Most expensive mermaid
Feejee Mermaid
Not Applicable ()

The most expensive fake mermaid (sold as a "real" mermaid) is the Feejee Mermaid, a forged creature designed to look like a mummified mermaid exhibited in the 1820s and 1840s in South Africa, Britain and America. In 1822, it cost 5,000 Spanish dollars (approximately $126,600/£110,000 today) when it was purchased by the American sea captain Samuel Barrett Eades. The mermaid attracted significant media attention on both sides of the Atlantic when it was exhibited and fuelled intense debates about the existence of submarine humanoids among members of the public and scientific communities.

Mummified mermaids, which were made in Japan from wire, papier-mâché, dried fish skin and piscine or simian jaws, were originally devotional objects representing a Japanese spirit known as a ningyo (literally “human-fish”). However, restricted trade and contact between Europe and Japan meant that when European sailors came into contact with such specimens they believed them to be real. This is what happened with the fake mermaid purchased by Captain Samuel Barrett Eades, that eventually came to be known across the world as the Feejee Mermaid.

In January 1822, Eades, a sea captain from Boston who owned a one-eighth share in trade ship The Pickering, saw a mummified mermaid on display in Batavia (now Jakarta, Indonesia) and, believing it to be real, purchased it from Dutch sailors, who had in turn reputedly bought it from a Japanese fisherman. To buy the mermaid, Eades made the rash decision to sell The Pickering and her cargo for approximately 6,000 Spanish dollars. He paid 5,000 Spanish dollars for the mummified creature and used the rest of the money to secure passage back to England, exhibiting the creature in Cape Town, South Africa, en route. He clearly believed the mermaid would make him a fortune and provide tangible proof of the existence of merfolk for the scientific community.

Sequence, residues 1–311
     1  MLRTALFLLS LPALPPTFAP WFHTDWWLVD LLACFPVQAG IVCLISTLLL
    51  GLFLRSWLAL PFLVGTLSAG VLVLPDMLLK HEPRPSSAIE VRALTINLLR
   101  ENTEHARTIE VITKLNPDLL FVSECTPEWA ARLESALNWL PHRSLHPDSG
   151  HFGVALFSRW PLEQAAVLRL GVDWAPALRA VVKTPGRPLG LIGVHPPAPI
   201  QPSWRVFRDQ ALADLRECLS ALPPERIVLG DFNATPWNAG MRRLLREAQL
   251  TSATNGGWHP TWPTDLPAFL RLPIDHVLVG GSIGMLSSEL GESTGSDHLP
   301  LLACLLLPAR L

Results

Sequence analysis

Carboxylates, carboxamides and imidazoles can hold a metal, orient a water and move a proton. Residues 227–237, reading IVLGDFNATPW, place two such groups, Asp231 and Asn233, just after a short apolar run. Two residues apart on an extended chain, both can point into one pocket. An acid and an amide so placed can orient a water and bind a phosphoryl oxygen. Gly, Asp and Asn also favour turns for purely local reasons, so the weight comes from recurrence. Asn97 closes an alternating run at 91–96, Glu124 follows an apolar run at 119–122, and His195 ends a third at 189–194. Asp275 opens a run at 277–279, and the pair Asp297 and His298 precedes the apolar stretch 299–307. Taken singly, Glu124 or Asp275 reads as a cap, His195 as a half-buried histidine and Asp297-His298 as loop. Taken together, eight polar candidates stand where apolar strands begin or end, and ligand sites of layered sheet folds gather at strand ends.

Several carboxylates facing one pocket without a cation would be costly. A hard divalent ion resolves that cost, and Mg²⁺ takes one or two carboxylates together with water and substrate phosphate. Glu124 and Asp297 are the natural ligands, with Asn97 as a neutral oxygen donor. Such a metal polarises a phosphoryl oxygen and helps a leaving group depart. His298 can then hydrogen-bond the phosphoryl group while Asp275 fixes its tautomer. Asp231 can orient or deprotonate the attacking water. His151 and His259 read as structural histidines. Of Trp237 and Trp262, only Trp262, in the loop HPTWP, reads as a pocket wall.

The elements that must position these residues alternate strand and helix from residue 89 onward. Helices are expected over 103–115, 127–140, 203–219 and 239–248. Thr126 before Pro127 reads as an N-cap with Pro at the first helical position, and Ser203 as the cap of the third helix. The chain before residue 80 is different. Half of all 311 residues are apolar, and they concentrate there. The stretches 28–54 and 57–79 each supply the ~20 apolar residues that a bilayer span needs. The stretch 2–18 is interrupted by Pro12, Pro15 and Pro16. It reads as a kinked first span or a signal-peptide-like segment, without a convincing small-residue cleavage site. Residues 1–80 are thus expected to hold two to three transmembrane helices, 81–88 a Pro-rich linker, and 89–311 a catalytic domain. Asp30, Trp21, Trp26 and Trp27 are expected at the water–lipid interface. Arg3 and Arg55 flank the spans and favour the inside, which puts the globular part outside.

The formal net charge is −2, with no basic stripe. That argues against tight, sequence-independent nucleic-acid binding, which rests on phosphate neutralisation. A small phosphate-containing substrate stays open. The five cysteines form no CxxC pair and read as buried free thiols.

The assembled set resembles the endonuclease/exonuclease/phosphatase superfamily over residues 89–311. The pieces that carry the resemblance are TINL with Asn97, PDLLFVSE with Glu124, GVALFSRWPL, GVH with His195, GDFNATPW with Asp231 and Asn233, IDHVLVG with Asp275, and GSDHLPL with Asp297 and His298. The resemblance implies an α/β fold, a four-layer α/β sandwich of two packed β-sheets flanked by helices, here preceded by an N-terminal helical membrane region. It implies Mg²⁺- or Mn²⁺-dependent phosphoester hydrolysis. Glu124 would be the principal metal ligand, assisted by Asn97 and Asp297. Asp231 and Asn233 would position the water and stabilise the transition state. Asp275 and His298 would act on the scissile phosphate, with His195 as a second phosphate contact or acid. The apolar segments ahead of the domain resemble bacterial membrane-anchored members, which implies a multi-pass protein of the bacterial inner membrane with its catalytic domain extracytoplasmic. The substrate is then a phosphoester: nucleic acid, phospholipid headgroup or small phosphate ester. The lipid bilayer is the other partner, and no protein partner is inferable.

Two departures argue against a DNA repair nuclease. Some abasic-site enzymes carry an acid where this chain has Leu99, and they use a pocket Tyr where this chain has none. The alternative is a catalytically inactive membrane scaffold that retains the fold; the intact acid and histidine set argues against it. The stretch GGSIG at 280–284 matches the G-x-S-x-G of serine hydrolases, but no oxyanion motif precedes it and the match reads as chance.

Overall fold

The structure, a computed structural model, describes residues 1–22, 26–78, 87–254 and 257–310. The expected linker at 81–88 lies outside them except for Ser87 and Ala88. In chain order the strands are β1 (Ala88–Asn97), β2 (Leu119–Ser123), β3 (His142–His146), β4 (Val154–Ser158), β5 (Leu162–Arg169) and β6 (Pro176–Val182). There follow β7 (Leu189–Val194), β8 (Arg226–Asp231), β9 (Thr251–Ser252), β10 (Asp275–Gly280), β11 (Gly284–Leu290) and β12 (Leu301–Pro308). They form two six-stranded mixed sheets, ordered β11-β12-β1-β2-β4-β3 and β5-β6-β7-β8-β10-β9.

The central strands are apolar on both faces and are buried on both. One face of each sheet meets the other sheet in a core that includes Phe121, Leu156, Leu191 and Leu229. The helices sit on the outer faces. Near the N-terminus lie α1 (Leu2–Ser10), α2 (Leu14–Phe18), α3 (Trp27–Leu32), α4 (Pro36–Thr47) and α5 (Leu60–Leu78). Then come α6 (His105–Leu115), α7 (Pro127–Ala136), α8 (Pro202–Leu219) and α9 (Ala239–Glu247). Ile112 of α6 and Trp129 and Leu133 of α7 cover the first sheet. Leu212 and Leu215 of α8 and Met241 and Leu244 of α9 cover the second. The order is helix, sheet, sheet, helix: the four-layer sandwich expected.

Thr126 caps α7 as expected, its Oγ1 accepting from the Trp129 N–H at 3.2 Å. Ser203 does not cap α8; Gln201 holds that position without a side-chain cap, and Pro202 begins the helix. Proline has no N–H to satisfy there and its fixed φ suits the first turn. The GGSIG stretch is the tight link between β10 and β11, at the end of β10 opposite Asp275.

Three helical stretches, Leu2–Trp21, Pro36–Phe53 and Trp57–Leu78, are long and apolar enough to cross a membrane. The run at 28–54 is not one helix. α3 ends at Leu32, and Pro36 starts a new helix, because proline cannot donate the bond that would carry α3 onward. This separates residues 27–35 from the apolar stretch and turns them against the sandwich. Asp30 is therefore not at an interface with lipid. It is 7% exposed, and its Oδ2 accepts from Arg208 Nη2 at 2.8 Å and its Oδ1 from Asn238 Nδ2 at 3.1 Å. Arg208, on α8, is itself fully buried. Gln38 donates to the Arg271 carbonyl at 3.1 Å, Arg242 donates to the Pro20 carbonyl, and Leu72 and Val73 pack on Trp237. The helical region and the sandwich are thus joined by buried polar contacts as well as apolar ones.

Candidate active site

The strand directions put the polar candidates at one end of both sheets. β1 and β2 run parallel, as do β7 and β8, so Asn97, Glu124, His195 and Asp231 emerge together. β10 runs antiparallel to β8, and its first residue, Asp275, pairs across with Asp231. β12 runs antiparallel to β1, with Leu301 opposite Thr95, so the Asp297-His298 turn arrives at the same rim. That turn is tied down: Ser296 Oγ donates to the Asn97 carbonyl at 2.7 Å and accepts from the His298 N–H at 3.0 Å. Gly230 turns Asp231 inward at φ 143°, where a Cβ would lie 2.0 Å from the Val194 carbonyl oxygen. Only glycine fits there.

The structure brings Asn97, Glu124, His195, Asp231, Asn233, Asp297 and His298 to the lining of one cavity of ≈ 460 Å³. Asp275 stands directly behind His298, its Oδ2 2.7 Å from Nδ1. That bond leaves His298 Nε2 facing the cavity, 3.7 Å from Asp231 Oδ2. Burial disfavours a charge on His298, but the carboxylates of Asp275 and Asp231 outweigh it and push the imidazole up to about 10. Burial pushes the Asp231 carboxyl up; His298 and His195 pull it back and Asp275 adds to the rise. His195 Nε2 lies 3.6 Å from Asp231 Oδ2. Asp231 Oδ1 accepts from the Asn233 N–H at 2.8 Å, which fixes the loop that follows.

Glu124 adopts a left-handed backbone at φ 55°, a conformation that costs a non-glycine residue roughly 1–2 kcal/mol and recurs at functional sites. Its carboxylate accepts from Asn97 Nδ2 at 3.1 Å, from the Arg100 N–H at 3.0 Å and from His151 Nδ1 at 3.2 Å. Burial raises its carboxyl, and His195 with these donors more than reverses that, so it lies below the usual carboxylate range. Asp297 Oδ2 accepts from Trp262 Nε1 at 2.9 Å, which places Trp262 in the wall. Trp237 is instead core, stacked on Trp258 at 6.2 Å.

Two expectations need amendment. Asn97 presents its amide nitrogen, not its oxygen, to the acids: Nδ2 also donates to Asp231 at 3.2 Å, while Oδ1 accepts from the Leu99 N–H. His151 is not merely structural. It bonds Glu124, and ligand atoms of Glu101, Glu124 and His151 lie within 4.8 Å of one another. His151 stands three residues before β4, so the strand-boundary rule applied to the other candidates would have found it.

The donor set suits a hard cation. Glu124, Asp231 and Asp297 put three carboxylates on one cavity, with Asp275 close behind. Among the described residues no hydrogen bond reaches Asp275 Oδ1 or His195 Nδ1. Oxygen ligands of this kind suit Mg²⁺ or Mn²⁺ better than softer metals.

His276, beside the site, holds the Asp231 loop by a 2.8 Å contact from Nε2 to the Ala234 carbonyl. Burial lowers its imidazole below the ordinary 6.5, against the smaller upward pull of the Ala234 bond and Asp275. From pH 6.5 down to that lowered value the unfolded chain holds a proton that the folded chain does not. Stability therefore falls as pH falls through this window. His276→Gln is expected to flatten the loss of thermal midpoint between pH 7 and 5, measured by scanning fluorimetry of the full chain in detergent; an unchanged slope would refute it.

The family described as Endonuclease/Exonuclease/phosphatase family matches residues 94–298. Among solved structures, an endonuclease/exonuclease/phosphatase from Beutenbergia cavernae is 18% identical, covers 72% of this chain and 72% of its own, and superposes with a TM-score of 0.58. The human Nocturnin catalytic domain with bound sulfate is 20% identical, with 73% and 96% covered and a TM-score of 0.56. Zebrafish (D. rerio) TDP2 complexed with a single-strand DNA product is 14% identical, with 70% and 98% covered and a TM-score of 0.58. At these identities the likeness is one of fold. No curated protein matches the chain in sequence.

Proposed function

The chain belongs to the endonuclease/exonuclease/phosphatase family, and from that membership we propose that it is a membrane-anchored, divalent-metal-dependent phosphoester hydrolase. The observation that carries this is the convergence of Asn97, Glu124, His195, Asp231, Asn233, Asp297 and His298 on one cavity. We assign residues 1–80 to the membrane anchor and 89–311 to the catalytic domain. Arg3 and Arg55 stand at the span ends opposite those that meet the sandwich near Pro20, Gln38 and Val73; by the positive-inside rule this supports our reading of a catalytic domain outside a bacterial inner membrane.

In April 1822, a report of the exhibition in Cape Town was sent to the British press from a missionary who saw Eades’s mermaid there. Mermaid-mania ensued, with scientists and the public eager to see the specimen. At this time, science was interested in unpacking the truth about whether submarine humanoids existed, so the mermaid was the focus of intense speculation and media coverage. She was exhibited for several months at the Turf Coffeehouse on St James’s Street in London, with admission set at 1 shilling and crowds stretching down the street and around corners to see her.

Despite the great fame the mermaid attracted, Eades’s impulsive purchase caught up with him when Stephen Ellery, who owned the other seven-eighths of The Pickering, started legal proceedings against him for selling the ship and cargo. The mermaid, which scientists eventually condemned as a fake, was declared a Ward of Chancery, so that Eades could not abscond with her before the legal case was settled. The courts found in favour of Ellery and Eades was forced to spend the rest of his life at sea working to pay back his debt.

Persistently exhibited as a curiosity, the mermaid toured Britain, and possibly Europe, for several years, until it was purchased from Eades’s son by Moses Kimball of the Boston Museum in Massachusetts. Kimball took the mermaid to the American showman P. T. Barnum who made good use of the media and a fake scientist to generate public interest in seeing her. It was at this point that Barnum created a more exotic origin for the mermaid, claiming she had been caught in Fiji, hence the epithet Feejee Mermaid. She was exhibited in New York in 1842 and then alternated between being part of Barnum’s exhibitions and those at Kimball’s museum. Today only drawings of the mermaid survive. She is believed to have been destroyed in one of the fires that consumed Barnum’s collections in the 1860s or 1880s.